2. My late wife was not an avid reader, per se, but she enjoyed having a talking book when driving to and from work. She preferred abridged works and her reasoning makes a lot of sense: the abridged novel is edited so it is almost always interesting or exciting or whatever, leaving off the more “talky” parts or glossing them over with a narrator’s comment. I expect she was more interested in the basic story and not all the literary decorations; furthermore, she didn’t want to drift off and lose interest. Besides, I know that her commute at that time was one side of an audio tape each way so it was convenient.

    There are a couple of movies that I contend were better than the books because they were edited. The first is Jaws: the book was not that great and it contained all that boring domestic stuff. Spielberg comes along, strips out everything not about the shark and the movie was much better. Another was McMurtry’s Horseman, Pass By. This was made into the movie Hud and, although it follows the plot fairly well, there was a significant simplification, especially in the characterizations (in the book, several different characters spoke whereas the movie dialogue was focused on Paul Newman).

    But we shouldn’t consider making a book into a movie as an abridgment: it is an adaptation since the two art forms have different conventions and a different purposes. Perhaps the abridgment can be considered an adaptation? The abridgment is another art form with different conventions and a different purpose than the original.

    1. The difference between abridgement and adaptation is an interesting one, I think. I haven’t seen either of the films you mention so I can’t comment, but a friend has just lent me the box set of ‘Lord of the Rings’ which has the extra discs discussing the process of making the film. There were alterations made to that which left me spitting. In fact, if I hadn’t been sitting in the middle of a row I might well have walked out of ‘The Two Towers’, but after listening to Jackson and the screen writers talking about what they did and why I can at least appreciate that the changes they made were done for a valid film reason and that there was a great deal of respect for the original behind their decisions.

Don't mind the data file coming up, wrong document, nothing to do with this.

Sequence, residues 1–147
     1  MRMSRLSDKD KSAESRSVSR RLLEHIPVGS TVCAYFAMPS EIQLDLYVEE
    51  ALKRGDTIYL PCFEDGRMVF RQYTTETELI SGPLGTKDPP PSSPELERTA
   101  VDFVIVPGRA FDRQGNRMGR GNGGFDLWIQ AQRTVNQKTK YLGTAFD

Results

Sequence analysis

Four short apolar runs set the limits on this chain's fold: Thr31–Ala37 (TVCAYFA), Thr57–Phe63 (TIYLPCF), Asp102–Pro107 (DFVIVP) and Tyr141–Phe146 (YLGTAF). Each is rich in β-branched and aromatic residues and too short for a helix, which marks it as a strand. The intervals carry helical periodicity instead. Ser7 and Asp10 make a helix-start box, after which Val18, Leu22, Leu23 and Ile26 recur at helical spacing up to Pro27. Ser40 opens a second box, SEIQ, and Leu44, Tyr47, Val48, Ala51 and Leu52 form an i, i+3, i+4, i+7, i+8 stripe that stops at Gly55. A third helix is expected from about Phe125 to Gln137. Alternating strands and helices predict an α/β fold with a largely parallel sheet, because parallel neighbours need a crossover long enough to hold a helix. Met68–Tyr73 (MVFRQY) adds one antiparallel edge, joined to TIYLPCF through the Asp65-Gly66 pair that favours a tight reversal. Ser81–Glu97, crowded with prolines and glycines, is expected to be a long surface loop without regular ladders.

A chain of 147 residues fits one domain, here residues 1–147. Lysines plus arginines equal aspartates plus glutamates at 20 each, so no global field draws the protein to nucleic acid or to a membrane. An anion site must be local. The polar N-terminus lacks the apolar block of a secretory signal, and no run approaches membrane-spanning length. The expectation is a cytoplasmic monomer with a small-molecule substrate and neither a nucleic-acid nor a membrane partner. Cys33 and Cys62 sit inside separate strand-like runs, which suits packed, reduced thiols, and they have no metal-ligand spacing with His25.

3. Wonderful. Both on the value of audiobooks and of unabridgement. Having health gaps myself, I want to try them. Litlove.wordpress.com has also recommended using them this way. Do you buy them or find them online? When I need them most, I don’t have the energy to go looking, so I need to have some ready and waiting.

    1. For the most part I get them online from Audible where I have a subscription that allows me two a month for around £15. This is much cheaper than they would be you were to source them individually. Recently my local library has started to let you download their stock but at present the availability is rather limited. However, if they do have something you want to hear it is of course free which is a great plus point for those of us on fixed and limited incomes.

  4. I’m completely with you on abridgements. I want the whole book, even if it takes fifteen discs. When I want a simpler solution, I borrow a Playaway, which is an entire unabridged book on a 1.5″ by 2.5″ (approximately) device. It just takes headphones and a triple A battery and it’s ready to go.

    I think a movie is different. Like Mike pointed out, it’s its own art form. I like the 2005 (?) movie version of Pride and Prejudice; they’ve edited out alot, but it still feels like the same story to me (all sisters present and accounted for!). But I also like the 2001 (?) movie version of Possession, and to me, that felt entirely different from Byatt’s novel.

    1. I haven’t seen ‘Possession’ because I loved the book so much. At some point I am going to have to pluck up the courage. My library service experimented with something similar to Playaway but I haven’t seen them around lately. They have, however, started letting us download audiobooks for free. The choice is rather limited but at least it’s a start.

      1. Possession is one of my favourite books of all time. I thought the movie was beautiful, but the Maud Bailey-Roland Mitchell story was changed beyond recognition. It probably helped that I saw the movie before I read the book – I’m not sure I’d have had the courage if I’d done it the other way around.

        1. I think it’s often better that way round, Naomi. I had the same experience with ‘The Colour Purple’. After I’d seen the film I couldn’t wait to see it again, but my next opportunity didn’t come until after I’d read the book when somehow it just wasn’t quite the film I’d thought it was.